Holocaust Survivor's Heroism

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A makeshift memorial (right) for Romanian-born Liviu Librescu (left), 76, at the Romanian Polytechnic University, in Bucharest, Romania, April 17, 2007. A Virginia Tech professor and Holocaust survivor, Librescu was killed April 16, 2007 - the date which is Holocaust remembrance day in Israel, where he lived in the 1970s - as he heroically held the door shut to his classroom, keeping the Va. Tech massacre gunman out for a few minutes while students jumped to safety from a second floor window.
Family Photo/AP

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Among the countless heartrending stories to emerge from the Virginia Tech rampage, one of the most poignant is that of Liviu Librescu, an Israeli professor and Holocaust survivor who died while saving the lives of his students.

Librescu, a 76-year-old professor of aerospace engineering, barricaded the door to his classroom, blocking the shooter from entering and giving his students time to escape out the window.

"He saved my life," one student told the Los Angeles Times.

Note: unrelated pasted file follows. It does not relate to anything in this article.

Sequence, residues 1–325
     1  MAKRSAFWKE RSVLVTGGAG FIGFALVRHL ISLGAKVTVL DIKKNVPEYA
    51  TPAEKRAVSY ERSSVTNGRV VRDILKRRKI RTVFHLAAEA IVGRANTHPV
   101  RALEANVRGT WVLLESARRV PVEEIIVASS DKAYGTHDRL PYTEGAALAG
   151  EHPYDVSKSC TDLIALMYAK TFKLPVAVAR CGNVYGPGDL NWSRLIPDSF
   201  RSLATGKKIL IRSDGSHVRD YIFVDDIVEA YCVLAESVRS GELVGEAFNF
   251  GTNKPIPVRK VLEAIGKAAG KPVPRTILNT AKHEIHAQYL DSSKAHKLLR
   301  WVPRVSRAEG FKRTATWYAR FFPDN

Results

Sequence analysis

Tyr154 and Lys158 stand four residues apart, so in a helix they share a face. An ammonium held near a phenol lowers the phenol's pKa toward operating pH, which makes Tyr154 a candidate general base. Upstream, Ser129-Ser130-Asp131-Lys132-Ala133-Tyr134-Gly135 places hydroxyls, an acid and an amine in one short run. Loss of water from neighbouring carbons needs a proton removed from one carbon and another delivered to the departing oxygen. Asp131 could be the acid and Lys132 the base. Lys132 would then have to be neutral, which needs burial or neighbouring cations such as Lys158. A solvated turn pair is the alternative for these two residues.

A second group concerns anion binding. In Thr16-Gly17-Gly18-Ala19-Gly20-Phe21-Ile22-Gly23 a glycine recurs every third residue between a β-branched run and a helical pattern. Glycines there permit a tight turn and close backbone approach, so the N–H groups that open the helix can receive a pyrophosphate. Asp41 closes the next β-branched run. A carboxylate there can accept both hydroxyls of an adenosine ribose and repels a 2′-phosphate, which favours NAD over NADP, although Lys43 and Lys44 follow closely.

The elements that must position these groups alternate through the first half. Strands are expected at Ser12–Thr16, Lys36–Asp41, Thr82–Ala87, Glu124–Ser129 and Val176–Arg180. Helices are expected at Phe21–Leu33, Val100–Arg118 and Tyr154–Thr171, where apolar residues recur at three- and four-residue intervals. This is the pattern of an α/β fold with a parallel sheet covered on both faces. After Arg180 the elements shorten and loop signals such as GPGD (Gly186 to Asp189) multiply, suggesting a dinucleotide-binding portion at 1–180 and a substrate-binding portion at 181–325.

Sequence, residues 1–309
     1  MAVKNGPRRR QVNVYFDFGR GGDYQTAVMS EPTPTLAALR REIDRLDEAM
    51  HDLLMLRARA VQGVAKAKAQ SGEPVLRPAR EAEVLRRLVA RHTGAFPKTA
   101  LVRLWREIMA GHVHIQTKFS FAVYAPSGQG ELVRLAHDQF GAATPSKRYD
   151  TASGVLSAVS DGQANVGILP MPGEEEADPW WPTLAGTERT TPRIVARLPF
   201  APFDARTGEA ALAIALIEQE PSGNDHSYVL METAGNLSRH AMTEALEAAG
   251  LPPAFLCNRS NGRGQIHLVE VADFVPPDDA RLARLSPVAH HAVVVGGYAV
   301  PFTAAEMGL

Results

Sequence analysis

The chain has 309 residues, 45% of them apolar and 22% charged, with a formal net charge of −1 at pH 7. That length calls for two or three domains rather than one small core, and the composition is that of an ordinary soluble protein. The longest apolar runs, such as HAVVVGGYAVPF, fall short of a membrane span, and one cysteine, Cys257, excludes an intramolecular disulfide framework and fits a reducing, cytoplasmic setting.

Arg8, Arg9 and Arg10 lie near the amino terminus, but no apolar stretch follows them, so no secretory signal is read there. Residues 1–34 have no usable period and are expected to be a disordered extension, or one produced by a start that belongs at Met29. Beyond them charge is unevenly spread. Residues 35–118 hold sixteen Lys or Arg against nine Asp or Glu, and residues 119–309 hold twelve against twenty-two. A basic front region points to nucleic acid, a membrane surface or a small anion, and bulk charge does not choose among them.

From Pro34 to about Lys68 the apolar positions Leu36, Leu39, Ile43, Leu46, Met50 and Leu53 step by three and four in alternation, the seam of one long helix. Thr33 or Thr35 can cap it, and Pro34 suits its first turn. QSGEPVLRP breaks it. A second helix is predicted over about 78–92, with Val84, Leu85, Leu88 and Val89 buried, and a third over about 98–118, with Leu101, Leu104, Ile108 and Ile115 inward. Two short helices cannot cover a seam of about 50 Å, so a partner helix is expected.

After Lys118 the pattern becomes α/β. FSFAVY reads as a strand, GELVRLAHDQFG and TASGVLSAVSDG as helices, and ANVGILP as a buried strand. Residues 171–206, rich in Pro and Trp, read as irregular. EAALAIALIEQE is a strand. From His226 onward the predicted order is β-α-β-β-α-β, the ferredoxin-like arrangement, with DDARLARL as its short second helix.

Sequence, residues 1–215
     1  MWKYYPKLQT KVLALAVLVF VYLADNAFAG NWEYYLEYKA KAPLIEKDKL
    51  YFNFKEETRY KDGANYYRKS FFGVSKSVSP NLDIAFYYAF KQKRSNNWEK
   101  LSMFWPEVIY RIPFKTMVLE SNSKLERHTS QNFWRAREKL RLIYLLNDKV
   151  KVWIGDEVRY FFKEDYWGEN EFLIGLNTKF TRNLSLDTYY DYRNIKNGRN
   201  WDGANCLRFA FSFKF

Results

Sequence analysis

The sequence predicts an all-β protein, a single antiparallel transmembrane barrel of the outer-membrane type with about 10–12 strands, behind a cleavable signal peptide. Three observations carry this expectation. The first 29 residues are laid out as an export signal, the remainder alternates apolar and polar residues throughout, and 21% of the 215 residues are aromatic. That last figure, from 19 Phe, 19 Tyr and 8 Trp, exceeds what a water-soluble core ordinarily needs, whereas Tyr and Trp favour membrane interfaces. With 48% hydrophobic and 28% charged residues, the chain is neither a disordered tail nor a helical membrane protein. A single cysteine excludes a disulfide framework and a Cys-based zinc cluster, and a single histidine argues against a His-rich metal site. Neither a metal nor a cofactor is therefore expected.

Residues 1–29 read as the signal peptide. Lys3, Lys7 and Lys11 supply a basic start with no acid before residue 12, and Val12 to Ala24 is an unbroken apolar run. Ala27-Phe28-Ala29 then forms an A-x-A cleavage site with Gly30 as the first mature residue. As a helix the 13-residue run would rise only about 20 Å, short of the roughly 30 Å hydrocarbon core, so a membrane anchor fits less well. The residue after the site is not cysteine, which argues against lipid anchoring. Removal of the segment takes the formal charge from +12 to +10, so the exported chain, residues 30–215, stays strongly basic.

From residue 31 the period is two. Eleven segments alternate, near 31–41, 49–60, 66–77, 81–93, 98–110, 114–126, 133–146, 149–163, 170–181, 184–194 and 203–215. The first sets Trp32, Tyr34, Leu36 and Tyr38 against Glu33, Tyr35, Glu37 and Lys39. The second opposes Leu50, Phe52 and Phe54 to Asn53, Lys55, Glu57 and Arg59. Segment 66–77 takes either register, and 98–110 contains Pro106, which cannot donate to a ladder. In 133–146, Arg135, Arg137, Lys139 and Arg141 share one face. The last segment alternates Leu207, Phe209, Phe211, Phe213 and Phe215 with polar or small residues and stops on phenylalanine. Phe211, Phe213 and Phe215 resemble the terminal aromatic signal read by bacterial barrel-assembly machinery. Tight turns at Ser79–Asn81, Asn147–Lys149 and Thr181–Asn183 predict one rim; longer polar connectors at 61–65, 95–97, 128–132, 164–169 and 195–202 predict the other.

In a case of tragic irony, USA Today points out that Librescu was killed "shielding his students from a mass murderer on the day that Jews who were mass murdered during World War II are remembered each year."

Librescu's son, Joe, said his father's death on Holocaust Remembrance Day was "symbolic."

"This was typical of him. He did not fear death and at all times tried to do the right thing."

Gunman A Mystery Even To Roommates

He's been widely described as a "loner" with few friends, but even his roommates say they knew little about Cho Seung-Hui.

Two students who shared a suite with Cho at Virginia Tech's Harper Hall describe him as a virtual stranger, who ate his meals alone in the dining hall and rebuffed any attempts at friendship.

"He was my roommate," 19-year-old sophomore Joe Aust told the New York Times. "I didn't know him that well, though."

Aust and another suitemate, Karan Grewal, 21, said they never saw Cho with a girl or with any friends.

But while they thought he was strange, they never imagined he was capable of mass murder.

"He was always really, really quiet and kind of weird, keeping to himself all the time," Aust said. "Just anti-social, didn't talk to anybody."

Grewal told the Washington Post that Cho began the day Monday just as he did every other day.

"He didn't have a look of disgust or anger. He never did. There was always just one look on his face," Grewal said.

"He had that blank expression, nothing else."

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